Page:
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Self-Assembly of Silver Nanowires on Silicon Substrates. James H. Craig, Jr. DMR-0511811. Fig. 2 SEM image Ag nanowires on Si(001). * One of the projects in the proposal, “Issues in Thin Film Growth on Group IV Semiconductors,” is the study of Ag nanowires.

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Self-Assembly of Silver Nanowires on Silicon Substrates

James H. Craig, Jr.


Fig. 2

SEM image

Ag nanowires

on Si(001)

* One of the projects in the proposal, “Issues in Thin Film Growth on Group IV Semiconductors,” is the study of Ag nanowires.

The objective of this research (performed in collaboration with the University

of Duisburg-Essen in Germany) is to understand the physical mechanism

that drives the growth of novel wire-shaped metallic islands on silicon

surfaces. Nanowires are of interest technologically because of their

potential for quantum device applications, and scientifically as they

provide a playground for studying the physics of quasi-1D systems.

* Figure 1 shows a series of Photo-emission electron microscopy

(PEEM) images displaying the self-assembly of a Ag nanowire

growing on an atomically clean silicon surface. The different

images in the figure are at different times with time increasing

from (a) to (c). Interestingly, the width of the growing nanowire

remains fixed while the ends of the wire grow without bound.

The crystalline shape of the nanowires and compact islands is

seen in the Scanning Electron Microscopy image of figure 2.

* Figure 3 shows a PEEM image of a silver nanowire during

thermal decay. The bright zones at each end of the wire

are due to silver atoms being fed onto the surface due

to increased temperature. Because the bright zones do

not extend from the wires’ side, silver atom diffusion is limited in that

direction. We attribute this kinetic limitation to localized Ag-induced step

bunching in the vicinity of the growing nanowires, and this effective one-

dimensional diffusion is responsible for producing the wire-like islands.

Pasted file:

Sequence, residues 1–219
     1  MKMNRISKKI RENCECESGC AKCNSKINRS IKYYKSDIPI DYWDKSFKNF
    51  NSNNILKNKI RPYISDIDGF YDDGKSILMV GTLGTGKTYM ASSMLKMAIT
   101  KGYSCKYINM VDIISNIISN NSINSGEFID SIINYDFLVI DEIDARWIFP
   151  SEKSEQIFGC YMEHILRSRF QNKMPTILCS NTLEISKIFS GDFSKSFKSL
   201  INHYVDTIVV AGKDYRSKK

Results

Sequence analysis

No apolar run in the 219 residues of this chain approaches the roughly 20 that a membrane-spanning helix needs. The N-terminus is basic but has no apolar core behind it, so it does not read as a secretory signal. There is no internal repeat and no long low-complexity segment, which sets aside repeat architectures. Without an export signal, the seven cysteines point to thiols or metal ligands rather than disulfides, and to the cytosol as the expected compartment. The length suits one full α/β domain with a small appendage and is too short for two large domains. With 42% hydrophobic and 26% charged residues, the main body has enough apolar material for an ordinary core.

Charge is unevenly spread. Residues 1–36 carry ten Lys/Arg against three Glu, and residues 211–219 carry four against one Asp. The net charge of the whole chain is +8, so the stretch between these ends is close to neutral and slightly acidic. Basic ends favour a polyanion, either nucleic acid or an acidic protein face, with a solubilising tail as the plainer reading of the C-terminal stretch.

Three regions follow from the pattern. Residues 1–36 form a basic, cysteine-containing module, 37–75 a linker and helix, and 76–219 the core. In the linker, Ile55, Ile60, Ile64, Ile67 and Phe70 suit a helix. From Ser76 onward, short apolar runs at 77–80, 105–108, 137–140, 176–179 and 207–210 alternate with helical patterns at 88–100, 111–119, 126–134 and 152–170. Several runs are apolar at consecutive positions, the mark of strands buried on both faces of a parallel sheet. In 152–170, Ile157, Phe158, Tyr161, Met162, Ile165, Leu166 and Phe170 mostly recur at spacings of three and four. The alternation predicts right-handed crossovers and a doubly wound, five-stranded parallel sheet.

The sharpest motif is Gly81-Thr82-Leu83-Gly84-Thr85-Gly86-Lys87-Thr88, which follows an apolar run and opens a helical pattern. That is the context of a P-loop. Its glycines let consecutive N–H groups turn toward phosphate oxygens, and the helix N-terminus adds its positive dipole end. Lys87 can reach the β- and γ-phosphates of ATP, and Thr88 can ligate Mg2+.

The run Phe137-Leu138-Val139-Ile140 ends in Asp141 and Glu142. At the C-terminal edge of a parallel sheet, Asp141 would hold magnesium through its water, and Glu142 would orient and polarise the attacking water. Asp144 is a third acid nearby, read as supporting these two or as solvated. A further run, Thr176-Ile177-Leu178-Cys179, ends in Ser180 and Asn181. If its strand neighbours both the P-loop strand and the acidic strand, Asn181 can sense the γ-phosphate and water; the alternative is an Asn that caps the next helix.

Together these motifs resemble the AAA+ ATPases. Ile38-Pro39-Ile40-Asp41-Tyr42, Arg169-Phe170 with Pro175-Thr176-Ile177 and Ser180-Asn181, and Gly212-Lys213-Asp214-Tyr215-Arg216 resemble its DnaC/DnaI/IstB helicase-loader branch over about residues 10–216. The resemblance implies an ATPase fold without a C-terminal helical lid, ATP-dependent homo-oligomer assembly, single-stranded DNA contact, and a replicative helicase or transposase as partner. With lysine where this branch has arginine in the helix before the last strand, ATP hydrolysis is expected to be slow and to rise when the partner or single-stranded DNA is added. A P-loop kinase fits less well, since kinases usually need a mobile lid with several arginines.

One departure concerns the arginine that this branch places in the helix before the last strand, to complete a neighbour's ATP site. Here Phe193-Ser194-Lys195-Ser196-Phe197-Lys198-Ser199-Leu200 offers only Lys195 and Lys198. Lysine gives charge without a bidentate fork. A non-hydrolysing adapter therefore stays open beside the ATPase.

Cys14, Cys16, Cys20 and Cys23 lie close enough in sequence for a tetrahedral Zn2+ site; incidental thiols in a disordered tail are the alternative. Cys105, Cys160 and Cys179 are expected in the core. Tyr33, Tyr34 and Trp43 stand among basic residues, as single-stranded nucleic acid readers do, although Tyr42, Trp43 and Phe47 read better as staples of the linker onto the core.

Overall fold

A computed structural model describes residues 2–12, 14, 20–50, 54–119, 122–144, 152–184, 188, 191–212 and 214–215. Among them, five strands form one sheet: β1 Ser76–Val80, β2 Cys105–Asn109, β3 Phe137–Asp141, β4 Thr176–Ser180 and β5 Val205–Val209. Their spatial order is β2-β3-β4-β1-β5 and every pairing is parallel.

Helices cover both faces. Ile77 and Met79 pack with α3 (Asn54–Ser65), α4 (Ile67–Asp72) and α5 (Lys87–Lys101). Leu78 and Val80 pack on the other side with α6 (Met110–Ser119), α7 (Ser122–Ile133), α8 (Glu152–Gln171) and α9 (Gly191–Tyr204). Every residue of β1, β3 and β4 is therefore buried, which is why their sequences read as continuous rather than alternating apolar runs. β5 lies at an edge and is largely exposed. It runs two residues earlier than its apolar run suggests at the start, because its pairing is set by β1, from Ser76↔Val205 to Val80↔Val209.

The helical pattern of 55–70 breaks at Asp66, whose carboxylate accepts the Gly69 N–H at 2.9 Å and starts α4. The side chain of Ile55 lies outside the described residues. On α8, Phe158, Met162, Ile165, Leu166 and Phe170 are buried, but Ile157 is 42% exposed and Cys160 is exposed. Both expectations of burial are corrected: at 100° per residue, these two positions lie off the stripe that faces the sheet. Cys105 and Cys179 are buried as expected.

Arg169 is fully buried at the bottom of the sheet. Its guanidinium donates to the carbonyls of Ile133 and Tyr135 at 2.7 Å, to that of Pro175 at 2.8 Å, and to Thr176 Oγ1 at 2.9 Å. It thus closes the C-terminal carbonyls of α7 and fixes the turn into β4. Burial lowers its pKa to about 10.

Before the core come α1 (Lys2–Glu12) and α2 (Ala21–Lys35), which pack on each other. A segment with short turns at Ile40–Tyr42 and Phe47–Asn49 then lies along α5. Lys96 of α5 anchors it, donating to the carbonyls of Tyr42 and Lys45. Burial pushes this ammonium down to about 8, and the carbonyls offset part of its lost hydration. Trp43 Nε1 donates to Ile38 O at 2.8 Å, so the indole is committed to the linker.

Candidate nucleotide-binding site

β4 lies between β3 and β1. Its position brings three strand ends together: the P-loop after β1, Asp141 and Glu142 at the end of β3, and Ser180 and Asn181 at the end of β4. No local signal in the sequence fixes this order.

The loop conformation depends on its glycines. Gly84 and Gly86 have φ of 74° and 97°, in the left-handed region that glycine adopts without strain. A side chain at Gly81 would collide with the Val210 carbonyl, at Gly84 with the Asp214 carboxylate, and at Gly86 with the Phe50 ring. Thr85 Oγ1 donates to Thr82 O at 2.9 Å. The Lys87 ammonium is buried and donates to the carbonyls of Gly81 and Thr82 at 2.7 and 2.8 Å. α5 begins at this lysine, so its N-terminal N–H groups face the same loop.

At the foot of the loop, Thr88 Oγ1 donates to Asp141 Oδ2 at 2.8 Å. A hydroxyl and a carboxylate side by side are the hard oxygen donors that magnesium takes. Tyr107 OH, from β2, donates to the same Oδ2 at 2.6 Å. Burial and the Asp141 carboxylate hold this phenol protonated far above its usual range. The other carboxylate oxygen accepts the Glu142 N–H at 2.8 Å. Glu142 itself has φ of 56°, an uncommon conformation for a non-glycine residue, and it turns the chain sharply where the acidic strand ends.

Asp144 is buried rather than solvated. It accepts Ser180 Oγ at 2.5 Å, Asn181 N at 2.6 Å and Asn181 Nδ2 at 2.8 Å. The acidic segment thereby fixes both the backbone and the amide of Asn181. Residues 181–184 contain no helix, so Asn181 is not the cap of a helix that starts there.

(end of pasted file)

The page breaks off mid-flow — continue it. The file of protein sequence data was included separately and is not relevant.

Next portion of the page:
Fig. 1

PEEM images

of growing

Ag nanowire on

Si(001) at 600 C

Fig. 3

PEEM image

of Ag nanowire


thermal decay

at 650 C



Undergraduate Involvement in Thin Film Research

James H. Craig, Jr.


Undergraduate student Bret Kolditz

works on the STM.

Undergraduate students Julie Thompson and Steve Yeninas work on the HREELS system.

During the summer 2006 eight Bradley University undergraduate physics students participated in this research program mentored by one of the collaborating faculty members supported by the project. Each of these students became proficient at operation of one of the ultra-high vacuum systems in our research group and the associated surface analytical instrumentation. By the end of the ten week summer research period each student group was able to undertake independently the entire process of sample preparation; sample mounting in UHV; system bakeout; data acquisition; and data analysis. The students had the opportunity for "hands on" experience with a variety of instrumentation including: variable temperature UHV scanning tunneling microscope; X-ray and ultra-violet photoelectron spectroscopy; high resolution energy loss spectroscopy; Auger electron spectroscopy; and time-of flight surface mass spectroscopy. During the past year four students have served as presenters at two national meetings- AVS International Symposium in Boston, MA and "Surface Analysis 2006" in Albuquerque, NM. Two undergraduate students have co-authored two publications resulting from work on this NSF project. As a result of these opportunities the participating students have developed impressive research skills far in excess of that which would have been possible from purely classroom activities. Consequently, these students have developed rapidly as enthusiastic and passionate young scientists.